“I’m shot, your majesty,” murmured the boy, his head dropping against Barney’s breast.
With the lad grasped close to him, the young man turned at the edge of the brush to meet the charge of the two ruffians. The wounding of the youth had delayed them just enough to preclude their making this temporary refuge in safety.
As Barney turned both the men fired simultaneously, and both missed. The American raised his revolver, and with the flash of it the foremost brigand came to a sudden stop. An expression of bewilderment crossed his features. He extended his arms straight before him, the revolver slipped from his grasp, and then like a dying top he pivoted once drunkenly and collapsed upon the turf.
At the instant of his fall his companion and the American fired point-blank at one another.
Barney felt a burning sensation in his shoulder, but it was forgotten for the moment in the relief that came to him as he saw the second rascal sprawl headlong upon his face. Then he turned his attention to the limp little figure that hung across his left arm.
Gently Barney laid the boy upon the sward, and fetching water from the pool bathed his face and forced a few drops between the white lips. The cooling draft revived the wounded child, but brought on a paroxysm of coughing. When this had subsided Rudolph raised his eyes to those of the man bending above him.
“Thank God, your majesty is unharmed,” he whispered. “Now I can die in peace.”
The white lids drooped lower, and with a tired sigh the boy lay quiet. Tears came to the young man’s eyes as he let the limp body gently to the ground.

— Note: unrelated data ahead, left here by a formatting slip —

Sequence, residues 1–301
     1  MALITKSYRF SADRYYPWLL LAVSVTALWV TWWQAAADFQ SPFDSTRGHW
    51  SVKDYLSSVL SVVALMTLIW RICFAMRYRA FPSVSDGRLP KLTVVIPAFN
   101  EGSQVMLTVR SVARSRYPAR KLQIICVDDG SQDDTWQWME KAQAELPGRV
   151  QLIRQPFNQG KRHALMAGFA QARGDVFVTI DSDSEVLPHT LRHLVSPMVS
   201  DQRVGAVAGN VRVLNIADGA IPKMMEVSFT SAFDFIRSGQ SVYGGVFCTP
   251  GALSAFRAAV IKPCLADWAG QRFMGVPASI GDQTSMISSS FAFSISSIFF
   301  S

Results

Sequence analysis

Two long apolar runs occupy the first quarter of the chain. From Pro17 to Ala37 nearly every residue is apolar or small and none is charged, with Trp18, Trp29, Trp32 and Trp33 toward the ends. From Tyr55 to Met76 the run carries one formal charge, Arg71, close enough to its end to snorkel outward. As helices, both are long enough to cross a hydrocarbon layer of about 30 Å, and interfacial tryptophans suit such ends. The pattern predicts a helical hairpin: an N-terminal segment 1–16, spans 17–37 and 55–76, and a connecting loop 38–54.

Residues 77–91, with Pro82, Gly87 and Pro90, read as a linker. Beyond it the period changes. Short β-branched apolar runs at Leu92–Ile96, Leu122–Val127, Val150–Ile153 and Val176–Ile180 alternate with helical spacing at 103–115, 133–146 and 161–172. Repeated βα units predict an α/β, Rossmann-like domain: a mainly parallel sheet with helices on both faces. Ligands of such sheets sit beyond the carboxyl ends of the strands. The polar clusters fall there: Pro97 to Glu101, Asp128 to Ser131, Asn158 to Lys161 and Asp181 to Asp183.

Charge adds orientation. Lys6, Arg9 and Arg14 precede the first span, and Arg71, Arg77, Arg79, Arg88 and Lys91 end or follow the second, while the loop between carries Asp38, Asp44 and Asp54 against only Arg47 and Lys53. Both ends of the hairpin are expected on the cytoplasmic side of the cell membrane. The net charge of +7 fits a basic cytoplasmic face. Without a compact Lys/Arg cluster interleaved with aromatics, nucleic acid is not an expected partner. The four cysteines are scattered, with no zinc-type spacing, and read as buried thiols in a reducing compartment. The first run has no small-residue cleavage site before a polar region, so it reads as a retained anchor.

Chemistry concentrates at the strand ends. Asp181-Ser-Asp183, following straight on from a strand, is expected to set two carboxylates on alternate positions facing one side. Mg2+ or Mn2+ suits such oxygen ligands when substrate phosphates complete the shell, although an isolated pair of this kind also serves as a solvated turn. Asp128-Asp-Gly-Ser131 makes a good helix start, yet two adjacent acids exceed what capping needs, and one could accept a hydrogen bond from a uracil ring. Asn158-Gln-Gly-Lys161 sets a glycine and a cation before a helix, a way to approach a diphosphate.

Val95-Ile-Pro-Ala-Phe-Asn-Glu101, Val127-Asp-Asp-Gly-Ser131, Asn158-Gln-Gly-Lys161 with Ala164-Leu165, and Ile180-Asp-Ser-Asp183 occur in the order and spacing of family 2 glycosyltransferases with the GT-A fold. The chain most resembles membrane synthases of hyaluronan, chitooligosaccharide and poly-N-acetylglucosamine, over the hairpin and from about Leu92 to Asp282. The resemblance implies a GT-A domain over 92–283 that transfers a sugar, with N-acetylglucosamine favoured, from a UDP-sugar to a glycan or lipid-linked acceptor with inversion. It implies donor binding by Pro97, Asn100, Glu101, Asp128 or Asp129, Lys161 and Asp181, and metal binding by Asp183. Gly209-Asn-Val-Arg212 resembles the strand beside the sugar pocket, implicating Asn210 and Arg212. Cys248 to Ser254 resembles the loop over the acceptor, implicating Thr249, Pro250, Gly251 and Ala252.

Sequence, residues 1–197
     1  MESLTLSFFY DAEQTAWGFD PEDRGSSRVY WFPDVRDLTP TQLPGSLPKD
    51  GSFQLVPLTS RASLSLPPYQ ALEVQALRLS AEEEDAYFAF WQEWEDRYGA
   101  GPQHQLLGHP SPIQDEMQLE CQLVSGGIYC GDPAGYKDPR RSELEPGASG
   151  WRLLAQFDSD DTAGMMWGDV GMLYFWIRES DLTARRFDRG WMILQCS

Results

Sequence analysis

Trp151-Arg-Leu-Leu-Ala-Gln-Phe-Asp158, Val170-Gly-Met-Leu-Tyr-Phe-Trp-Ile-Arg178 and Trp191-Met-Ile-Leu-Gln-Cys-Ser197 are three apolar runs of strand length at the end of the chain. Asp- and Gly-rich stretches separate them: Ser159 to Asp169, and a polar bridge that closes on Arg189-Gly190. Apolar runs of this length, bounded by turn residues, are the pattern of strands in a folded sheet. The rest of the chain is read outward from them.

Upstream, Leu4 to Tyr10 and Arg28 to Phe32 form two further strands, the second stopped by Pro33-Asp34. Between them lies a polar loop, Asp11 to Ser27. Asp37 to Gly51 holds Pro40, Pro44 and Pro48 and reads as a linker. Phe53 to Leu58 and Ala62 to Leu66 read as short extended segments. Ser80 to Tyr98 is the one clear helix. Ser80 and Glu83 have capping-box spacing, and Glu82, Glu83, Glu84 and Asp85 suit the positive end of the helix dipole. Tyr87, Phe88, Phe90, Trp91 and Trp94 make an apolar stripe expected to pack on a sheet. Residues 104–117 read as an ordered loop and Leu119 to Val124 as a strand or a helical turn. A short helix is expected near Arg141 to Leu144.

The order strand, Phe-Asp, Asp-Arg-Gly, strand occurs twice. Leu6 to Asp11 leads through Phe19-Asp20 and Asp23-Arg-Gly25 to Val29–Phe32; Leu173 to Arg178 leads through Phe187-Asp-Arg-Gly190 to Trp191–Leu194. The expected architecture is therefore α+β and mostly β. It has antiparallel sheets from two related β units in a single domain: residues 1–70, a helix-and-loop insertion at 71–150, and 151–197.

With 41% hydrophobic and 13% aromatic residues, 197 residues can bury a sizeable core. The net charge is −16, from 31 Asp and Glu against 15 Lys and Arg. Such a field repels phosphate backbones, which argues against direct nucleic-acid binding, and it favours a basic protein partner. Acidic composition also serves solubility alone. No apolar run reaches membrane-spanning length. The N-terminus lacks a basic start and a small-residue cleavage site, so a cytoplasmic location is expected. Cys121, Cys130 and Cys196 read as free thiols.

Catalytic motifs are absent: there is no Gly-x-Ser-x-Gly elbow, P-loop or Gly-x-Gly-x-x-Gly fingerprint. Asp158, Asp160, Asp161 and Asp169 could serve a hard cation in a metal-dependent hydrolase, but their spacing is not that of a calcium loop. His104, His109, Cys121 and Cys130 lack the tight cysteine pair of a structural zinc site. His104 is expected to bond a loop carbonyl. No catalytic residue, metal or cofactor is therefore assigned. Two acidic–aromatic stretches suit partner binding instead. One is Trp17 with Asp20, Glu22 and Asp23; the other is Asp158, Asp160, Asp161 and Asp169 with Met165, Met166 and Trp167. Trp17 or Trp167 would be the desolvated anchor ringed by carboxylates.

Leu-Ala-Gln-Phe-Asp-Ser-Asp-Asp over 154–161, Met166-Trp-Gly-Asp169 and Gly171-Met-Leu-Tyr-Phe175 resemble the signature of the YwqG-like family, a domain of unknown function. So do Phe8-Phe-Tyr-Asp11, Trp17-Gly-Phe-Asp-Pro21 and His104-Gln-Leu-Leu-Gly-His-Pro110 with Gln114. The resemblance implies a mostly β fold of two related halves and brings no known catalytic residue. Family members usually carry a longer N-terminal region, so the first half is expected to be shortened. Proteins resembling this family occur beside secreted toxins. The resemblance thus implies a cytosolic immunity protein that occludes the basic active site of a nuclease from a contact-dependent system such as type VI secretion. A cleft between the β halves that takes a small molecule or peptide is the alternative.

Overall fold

“Brave little heart,” he murmured, “you gave up your life in the service of your king as truly as though you had not been all mistaken in the object of your veneration, and if it lies within the power of Barney Custer you shall not have died in vain.”
THE REAL LEOPOLD
Two hours later a horseman pushed his way between tumbled and tangled briers along the bottom of a deep ravine.
He was hatless, and his stained and ragged khaki betokened much exposure to the elements and hard and continued usage. At his saddle-bow a carbine swung in its boot, and upon either hip was strapped a long revolver. Ammunition in plenty filled the cross belts that he had looped about his shoulders.
Grim and warlike as were his trappings, no less grim was the set of his strong jaw or the glint of his gray eyes, nor did the patch of brown stain that had soaked through the left shoulder of his jacket tend to lessen the martial atmosphere which surrounded him. Fortunate it was for the brigands of the late Yellow Franz that none of them chanced in the path of Barney Custer that day.
For nearly two hours the man had ridden downward out of the high hills in search of a dwelling at which he might ask the way to Tann; but as yet he had passed but a single house, and that a long untenanted ruin. He was wondering what had become of all the inhabitants of Lutha when his horse came to a sudden halt before an obstacle which entirely blocked the narrow trail at the bottom of the ravine.